Through this form of terrorism, it is possible to persuade subjects that their mind is being read; their intellectual property is being plundered and can even motivate suicide or murder. Pulsed Energy Projectiles (PEPs) are another form of weaponry that is used to paralyze a victim with pain. According to Peter Philips, a scientist from USA, circumstances may soon arrive in which anti-war or human right protestors suddenly feel a burning sensation akin to touching a hot skillet over their entire body. Simultaneously they may hear terrifying nauseating screaming, which while not produced externally, fills their brains with overwhelming disruption. This new invention is dreadful addition to the armamentarium of weapons of abuse and torture. Manifestations of the effects of these occult weapons can mimic mental ill health and add further to the misery of the victims.
The potential threat from use of biological warfare agents is more devastating as they are not detectable before the attack and can lead the possible victims to a state of constant vigilance and anxiety.
Pakistan has witnessed numerous episodes of terrorism and the common people are unable to see light at the end of the tunnel in terms of a termination point. This includes suicide bombing, killings, threats and violent intimidations. Horrendous acts of terrorism were video recorded and released on internet sites.
We have yet to see the psychological morbidity among the surviving victims and witnesses of Islamabad Marriot Attack and similar multiple attacks in numerous cities of Pakistan.
There are a number of questions that would arise: Do we have national figures on mental health morbidity leaving aside few publications and recorded personal observations? Are there any national empirical studies being conducted on terror related mental health morbidity? Do we have enough capability to address the psychological disaster resulting from this state of affairs? Are the mental health professionals adequately trained in terms of ‘disaster Psychiatry’? What is the magnitude of the problem among those who do not report the mental ill-health symptoms? Is there a need to equip the health system with the means and strategies to help the sufferers of terrorism? What can be done at the Family Practice level to begin with? Living in the midst of violence, should we not find effective ways to address the mental health morbidity before it is too late?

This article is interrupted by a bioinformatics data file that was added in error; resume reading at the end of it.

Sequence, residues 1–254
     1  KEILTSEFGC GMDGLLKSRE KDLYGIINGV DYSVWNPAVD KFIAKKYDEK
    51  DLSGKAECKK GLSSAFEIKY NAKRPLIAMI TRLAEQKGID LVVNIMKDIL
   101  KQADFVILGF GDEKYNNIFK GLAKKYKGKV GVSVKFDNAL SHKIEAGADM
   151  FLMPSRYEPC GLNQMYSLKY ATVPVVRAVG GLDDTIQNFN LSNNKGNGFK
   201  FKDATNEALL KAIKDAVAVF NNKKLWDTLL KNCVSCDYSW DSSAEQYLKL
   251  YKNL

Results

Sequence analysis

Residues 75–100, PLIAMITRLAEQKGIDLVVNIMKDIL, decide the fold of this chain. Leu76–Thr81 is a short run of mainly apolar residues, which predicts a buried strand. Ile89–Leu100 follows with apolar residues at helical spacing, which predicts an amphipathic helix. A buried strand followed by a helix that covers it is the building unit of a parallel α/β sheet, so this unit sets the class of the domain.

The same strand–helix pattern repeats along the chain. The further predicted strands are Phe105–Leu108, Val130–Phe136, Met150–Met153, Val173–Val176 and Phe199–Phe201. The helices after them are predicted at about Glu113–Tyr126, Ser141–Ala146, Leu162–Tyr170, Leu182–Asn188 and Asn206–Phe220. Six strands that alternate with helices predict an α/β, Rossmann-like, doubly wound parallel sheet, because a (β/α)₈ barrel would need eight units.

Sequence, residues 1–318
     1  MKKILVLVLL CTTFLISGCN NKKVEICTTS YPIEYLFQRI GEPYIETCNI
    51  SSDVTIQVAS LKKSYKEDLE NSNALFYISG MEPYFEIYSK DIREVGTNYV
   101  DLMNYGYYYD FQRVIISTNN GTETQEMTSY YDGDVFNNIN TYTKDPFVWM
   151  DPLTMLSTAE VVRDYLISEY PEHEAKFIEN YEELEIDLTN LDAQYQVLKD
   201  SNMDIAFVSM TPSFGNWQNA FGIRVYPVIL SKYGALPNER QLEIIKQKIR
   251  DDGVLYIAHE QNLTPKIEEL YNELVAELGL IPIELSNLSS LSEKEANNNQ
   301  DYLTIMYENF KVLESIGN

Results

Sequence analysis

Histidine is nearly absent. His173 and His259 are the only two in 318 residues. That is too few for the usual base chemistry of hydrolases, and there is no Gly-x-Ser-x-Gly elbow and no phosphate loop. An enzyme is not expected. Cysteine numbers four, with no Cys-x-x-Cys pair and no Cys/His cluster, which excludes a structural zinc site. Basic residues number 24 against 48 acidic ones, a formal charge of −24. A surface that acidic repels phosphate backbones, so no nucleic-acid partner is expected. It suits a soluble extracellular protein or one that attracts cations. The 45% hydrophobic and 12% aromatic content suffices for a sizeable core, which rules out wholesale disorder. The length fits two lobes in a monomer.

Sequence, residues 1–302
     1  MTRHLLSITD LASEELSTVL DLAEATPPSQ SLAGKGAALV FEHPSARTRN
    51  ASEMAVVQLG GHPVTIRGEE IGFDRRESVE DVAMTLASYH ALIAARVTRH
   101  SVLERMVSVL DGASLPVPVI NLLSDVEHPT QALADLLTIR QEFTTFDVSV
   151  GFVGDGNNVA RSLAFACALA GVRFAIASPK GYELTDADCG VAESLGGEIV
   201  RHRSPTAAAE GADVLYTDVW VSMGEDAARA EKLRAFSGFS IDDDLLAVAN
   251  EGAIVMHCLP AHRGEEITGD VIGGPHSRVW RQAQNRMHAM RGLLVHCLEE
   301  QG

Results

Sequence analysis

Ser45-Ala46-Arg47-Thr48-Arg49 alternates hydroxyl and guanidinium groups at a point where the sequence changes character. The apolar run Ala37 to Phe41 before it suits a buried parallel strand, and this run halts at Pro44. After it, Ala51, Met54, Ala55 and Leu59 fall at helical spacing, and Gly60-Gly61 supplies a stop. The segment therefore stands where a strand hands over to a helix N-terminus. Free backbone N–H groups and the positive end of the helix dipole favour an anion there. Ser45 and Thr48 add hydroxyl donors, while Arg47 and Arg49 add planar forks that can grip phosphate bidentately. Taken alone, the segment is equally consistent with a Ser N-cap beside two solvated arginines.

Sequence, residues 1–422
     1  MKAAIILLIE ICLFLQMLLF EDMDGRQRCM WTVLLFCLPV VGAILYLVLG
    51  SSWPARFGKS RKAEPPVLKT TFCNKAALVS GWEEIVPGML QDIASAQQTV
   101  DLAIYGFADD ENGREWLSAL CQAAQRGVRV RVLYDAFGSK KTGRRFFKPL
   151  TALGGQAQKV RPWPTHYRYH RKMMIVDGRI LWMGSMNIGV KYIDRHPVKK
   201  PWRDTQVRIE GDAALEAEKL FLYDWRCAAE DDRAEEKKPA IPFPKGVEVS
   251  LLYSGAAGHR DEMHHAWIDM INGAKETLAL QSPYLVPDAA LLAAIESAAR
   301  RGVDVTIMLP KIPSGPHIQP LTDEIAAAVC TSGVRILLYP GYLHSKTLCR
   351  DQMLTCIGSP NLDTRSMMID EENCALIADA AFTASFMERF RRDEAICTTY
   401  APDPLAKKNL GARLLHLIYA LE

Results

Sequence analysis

1.Ruby CL. The Definition of Terrorism, Analyses of Social Issues and Public Policy 2002; p 9-14.
2.Arnold JL, Ortenwall P, Birnbaum ML, Sundnes KO, Aggrawal A, Anantharaman V, et al. A proposed universal medical and public health definition of terrorism. Prehosp Disaster Med 2003; 18: 47-52.
3.Bleich A, Gelkopf M, Solomon Z. Exposure to terrorism, stress-related mental health symptoms and coping behaviours among a nationally representative sample in Israel JAMA; 2003; 290. 612-20.
4.Steel Z, Silove D, Phan T, Bauman A. Long term effect of psychological trauma on the mental health of Vietnamese refugees resettled in Australia: a population-based study. Lancet 2009; 360: 1056-62.
5.DiMaggio C, Galea S. The behavioural consequences of terrorism: A meta-analysis. Acad Emerg Med 2008; 13: 559-66.
6.Kilpatrick DG, Ruggiero KJ, Acierno R, Saunders BE, Resnick HS, Best CL. Violence and risk of PTSD, Major Depression, Substance Abuse/Dependence, and Comorbidity: Results from the National Survey of Adolescents. J Counsult Clin Psychol 2003; 71: 692-700.
7.Wanda F. Childhood reactions to terrorism-induced trauma: A review of the past 10 years. J Am Acad Child Adolesc Psychiatry 2004; 43: 381-92.
8.Curran PS, Miller PW. Psychiatric implications of chronic civilian strife or war; Northern Ireland. Adv Psychiatr Treatment 2001; 7: 73-80.
9.World Health Organization. World health report 2001-Mental health: new understanding, new hope. Geneva: Switzerland 2001; p 1-16